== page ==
As neuronal activity is hard to measure directly, researchers have found a way around that by reconstructing the history of gene expression patterns.
All the sensations you experience, all the information that you process, all the decisions you make, and pretty much anything you do is rooted in neuronal activity.
It is estimated that the human brain contains about 100-billion neurons that, through trillions of synaptic connections, form a complex information transmission system.
Outnumbering neurons by as much as 50 to 1, “glia cells”, or neuroglia, are another type of nerve cell that supports neurons and contribute to the control of the nervous system.
As the elementary units of the brain, neurons are the key to understanding how this process works and how we think in general.
Neurons Leave a Trail of Genetic “Breadcrumbs”
When studying neurons and brain activity, neuroscientists can only work on a small number of neurons. Usually, they can only focus on a few thousand at a time out of the billions within each brain.
Another difficulty they face is that neuronal activity, which is largely performed through chemical reactions and electric signals, is of a fleeting nature. This makes it extremely difficult to record or observe.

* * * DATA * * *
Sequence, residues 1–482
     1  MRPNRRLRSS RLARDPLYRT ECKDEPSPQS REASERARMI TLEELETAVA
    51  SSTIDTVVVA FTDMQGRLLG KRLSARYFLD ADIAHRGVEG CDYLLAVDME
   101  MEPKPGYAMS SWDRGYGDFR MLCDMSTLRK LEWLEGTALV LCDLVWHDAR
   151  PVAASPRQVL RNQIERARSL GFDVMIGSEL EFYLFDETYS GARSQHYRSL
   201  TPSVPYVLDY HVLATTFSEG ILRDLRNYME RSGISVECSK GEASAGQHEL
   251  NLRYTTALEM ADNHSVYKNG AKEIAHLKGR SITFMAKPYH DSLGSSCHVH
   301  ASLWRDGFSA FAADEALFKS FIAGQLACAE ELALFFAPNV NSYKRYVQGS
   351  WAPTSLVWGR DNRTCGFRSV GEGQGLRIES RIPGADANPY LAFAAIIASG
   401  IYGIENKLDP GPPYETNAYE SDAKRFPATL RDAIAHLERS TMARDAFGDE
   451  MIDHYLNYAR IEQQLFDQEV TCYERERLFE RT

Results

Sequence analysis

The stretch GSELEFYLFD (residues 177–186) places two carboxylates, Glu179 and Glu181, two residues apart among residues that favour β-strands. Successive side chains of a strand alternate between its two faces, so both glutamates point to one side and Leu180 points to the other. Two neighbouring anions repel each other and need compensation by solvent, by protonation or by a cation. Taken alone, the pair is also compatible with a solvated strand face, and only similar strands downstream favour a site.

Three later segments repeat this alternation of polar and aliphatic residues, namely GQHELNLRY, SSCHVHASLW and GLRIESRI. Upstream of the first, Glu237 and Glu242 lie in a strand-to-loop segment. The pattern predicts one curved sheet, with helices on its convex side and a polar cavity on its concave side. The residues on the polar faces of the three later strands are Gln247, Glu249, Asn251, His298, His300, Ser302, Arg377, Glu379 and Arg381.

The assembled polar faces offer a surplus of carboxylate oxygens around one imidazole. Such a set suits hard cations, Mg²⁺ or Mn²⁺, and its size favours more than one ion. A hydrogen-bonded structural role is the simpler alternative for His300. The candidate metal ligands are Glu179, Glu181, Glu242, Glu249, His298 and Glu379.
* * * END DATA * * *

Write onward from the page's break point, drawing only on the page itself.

Think of something. Anything. Right now. For instance, what’s for dinner tonight? That might seem easy, but it took neurons a good deal of hard labor to produce that thought.
Now, a team of researchers at Harvard Medical School may have cleared the scientific hurdles needed to observe these signals.
Nicholas DeStefino, a graduate student in Genetics at HMS, and his research team say they can infer the history of a neuron’s activity based on the gene expression patterns it leaves.
According to the researchers, gene expression patterns are easier to track than neuronal activity. This allows them to measure the activity of tens of thousands of neurons at once.
So far, so good. Yet, there’s one concern that remains. The team only worked on neurons in a lab dish; does the same process occurs inside a living brain?
The HMS researchers did confirm the results with mice. Still, they think that “two-thirds of the puzzle still remains”.
The duration of neuronal activity and its relation to genes is only one-third of the puzzle.
Researchers now want to investigate two other types of neuronal activity, firing frequency, and firing spikes. Co-senior author of the study, Jesse Gray, calls these parts: “fast computers and slow computers inside neurons.
“One of my hopes is that our study sparks more interest in the connection between fast and slow, which we call the coupling map,” said Gray, “We hope our fellow neuroscientists will think about this map more, because we think it’s important for understanding how the brain operates.”
It’s true that more work needs to be done, but this could lead to a much deeper understanding of how our brain works and how we perceive existence.